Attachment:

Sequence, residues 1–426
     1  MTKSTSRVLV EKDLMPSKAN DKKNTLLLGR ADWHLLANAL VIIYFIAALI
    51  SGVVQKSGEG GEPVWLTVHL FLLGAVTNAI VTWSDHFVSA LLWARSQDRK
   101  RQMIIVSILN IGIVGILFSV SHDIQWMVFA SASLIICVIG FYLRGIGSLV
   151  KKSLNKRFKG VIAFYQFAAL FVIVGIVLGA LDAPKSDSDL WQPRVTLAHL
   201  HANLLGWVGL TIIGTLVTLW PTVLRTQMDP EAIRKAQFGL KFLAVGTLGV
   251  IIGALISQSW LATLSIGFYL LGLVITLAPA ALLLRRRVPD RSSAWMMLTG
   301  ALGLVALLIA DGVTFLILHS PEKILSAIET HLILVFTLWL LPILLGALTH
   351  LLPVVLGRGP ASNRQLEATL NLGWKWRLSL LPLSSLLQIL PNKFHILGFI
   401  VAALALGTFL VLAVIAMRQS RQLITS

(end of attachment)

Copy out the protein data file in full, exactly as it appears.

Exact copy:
Sequence, residues 1–426
     1  MTKSTSRVLV EKDLMPSKAN DKKNTLLLGR ADWHLLANAL VIIYFIAALI
    51  SGVVQKSGEG GEPVWLTVHL FLLGAVTNAI VTWSDHFVSA LLWARSQDRK
   101  RQMIIVSILN IGIVGILFSV SHDIQWMVFA SASLIICVIG FYLRGIGSLV
   151  KKSLNKRFKG VIAFYQFAAL FVIVGIVLGA LDAPKSDSDL WQPRVTLAHL
   201  HANLLGWVGL TIIGTLVTLW PTVLRTQMDP EAIRKAQFGL KFLAVGTLGV
   251  IIGALISQSW LATLSIGFYL LGLVITLAPA ALLLRRRVPD RSSAWMMLTG
   301  ALGLVALLIA DGVTFLILHS PEKILSAIET HLILVFTLWL LPILLGALTH
   351  LLPVVLGRGP ASNRQLEATL NLGWKWRLSL LPLSSLLQIL PNKFHILGFI
   401  VAALALGTFL VLAVIAMRQS RQLITS